At the institute, Ebba enters an office. Here, she is handed a form to fill out for a discounted public transport ticket and told where to buy one. She asks: will I be able to buy this tomorrow? The woman at the desk meets her gaze. She says: you can buy one anytime from Monday to Friday, between the hours of 8am and 10am or from noon till 2pm, as is clearly stated here. Ebba is relieved. Unfortunately, Ebba will not be able to buy the ticket tomorrow, because tomorrow is the day of German reunification and therefore a public holiday. Disappointing, but Ebba has exciting news. Now it is time to mention the scholarship she has received. Tentatively, Ebba asks about her grant. She is told: you owe us 40€. It does not cover everything.
After class at the institute Ebba walks into the old city, pavement turning to cobblestone. She finds a diner and orders a pizza topped with garlic. The man serving her is impatient with her accent and repeats the word ‘garlic’ back at her. He does this many times, till he is shouting: GARLIC. Ebba is primly offended. She moves to eat, standing, at a small high table in the corner. Customers wanting a chair must pay a euro more.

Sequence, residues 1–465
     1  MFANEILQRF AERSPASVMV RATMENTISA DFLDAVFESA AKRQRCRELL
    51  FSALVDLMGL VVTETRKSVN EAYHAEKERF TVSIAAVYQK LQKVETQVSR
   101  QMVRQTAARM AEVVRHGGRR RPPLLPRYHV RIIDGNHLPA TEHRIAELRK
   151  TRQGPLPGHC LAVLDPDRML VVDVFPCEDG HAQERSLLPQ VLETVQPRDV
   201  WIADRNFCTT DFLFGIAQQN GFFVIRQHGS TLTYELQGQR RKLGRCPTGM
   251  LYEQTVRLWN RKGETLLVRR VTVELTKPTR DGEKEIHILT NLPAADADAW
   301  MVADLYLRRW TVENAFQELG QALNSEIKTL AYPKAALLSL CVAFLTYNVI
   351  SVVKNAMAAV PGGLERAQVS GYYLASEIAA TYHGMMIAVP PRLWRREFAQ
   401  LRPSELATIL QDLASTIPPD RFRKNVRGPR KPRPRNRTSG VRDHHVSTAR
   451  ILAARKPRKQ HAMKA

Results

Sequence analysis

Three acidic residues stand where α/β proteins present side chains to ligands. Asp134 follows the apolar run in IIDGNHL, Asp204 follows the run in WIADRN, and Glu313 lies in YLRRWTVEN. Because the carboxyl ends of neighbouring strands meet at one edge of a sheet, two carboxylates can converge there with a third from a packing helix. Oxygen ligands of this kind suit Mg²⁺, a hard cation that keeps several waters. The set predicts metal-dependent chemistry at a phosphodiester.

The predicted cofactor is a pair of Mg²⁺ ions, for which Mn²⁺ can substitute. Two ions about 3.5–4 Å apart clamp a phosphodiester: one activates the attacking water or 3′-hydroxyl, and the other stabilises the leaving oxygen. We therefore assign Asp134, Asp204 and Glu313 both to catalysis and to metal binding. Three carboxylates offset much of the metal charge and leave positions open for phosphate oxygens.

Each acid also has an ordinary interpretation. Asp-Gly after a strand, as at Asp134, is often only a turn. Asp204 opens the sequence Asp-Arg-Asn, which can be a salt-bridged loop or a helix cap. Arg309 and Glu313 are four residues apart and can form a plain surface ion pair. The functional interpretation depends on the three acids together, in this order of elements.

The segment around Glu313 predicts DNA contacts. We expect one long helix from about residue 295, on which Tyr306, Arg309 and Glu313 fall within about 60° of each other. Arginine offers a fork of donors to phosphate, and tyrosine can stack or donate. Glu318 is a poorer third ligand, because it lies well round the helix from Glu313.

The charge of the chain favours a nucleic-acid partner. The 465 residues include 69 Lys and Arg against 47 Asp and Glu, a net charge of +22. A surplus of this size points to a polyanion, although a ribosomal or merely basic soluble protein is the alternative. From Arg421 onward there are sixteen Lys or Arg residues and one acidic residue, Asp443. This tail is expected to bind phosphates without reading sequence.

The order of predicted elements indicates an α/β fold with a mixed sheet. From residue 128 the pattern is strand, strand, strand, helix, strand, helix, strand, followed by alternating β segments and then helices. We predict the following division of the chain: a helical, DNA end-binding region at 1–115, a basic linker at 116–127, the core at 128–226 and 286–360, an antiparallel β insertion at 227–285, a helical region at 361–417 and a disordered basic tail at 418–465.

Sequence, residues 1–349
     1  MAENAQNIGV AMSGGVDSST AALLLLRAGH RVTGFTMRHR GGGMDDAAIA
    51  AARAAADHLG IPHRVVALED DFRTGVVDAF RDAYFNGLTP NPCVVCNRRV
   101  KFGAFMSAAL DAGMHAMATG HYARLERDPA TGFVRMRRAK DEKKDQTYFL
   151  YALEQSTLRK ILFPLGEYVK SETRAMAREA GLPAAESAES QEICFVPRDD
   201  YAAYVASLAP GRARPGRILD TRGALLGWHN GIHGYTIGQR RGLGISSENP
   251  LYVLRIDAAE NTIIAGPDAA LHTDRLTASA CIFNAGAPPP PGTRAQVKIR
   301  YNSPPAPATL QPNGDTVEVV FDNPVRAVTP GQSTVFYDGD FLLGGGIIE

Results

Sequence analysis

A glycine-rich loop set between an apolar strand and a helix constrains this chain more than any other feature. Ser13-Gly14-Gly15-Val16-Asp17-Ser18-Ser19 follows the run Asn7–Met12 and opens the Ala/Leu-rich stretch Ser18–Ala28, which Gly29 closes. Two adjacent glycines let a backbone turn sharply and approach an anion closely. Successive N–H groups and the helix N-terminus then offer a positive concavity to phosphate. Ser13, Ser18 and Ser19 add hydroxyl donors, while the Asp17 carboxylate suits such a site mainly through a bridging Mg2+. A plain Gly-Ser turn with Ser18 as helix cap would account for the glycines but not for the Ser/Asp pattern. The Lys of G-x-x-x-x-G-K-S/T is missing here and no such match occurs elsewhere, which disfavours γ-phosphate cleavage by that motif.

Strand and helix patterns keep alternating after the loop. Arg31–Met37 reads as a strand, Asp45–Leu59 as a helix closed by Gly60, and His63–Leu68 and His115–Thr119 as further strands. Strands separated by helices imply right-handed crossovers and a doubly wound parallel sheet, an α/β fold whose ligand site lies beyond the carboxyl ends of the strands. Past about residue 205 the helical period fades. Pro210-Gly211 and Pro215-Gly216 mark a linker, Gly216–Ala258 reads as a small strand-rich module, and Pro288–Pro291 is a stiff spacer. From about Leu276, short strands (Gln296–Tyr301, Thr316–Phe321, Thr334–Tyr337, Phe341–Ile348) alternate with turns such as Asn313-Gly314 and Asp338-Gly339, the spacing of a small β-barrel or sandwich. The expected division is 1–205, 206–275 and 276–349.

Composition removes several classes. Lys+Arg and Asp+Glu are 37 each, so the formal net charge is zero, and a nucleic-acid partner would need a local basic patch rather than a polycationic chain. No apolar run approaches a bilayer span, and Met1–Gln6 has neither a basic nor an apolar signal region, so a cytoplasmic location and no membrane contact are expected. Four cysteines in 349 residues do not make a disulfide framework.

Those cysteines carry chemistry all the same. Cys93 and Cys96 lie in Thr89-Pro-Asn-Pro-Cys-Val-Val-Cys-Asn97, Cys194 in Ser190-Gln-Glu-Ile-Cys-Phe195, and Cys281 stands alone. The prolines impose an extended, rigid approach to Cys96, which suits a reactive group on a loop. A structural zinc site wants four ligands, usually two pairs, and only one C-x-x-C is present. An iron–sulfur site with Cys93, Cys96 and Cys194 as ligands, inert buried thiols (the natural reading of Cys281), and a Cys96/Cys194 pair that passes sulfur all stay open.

Back at the house, Ebba is in the dark. Lately, she has been feeling inarticulate and believes that a spell has been cast on her. Upstairs, Lotte (a vicious terrier) is barking loudly towards the front of the house. Frau Grobbel, who sleeps upstairs, lets it go on – or perhaps she is dead. All at once, after an eternity of insistent yapping, the dog becomes quiet. Ebba thinks of the man who followed her through the old city and lingered when she did. Ebba is perceptive, even when someone has cast a spell on her. She caught on to what the man was doing at a pedestrian crossing. Rather than cross the road, Ebba paused for a moment, unsure whether to turn right onto Königsallee or to head across the river. Do you know the old city of Düsseldorf? If so, you will be familiar with the Königsallee. It is a beautiful tourist spot. Two long, wide boulevards on either side of the Rhine, with shops selling clothes Ebba cannot afford. The long river, its central passage-way, is glittering and opaque tonight. Ebba crosses while the light on the crossing is still green. She pauses on the bridge as if wanting to look out over the water for a moment, then takes a photo. She sees the man waiting behind her; it brings to mind a young child hovering by his mother while she speaks on the phone. The child is content to be patient for now. He anticipates her full attention soon.∎
Words by Holly Abrahamson. Art by Holly Anderson.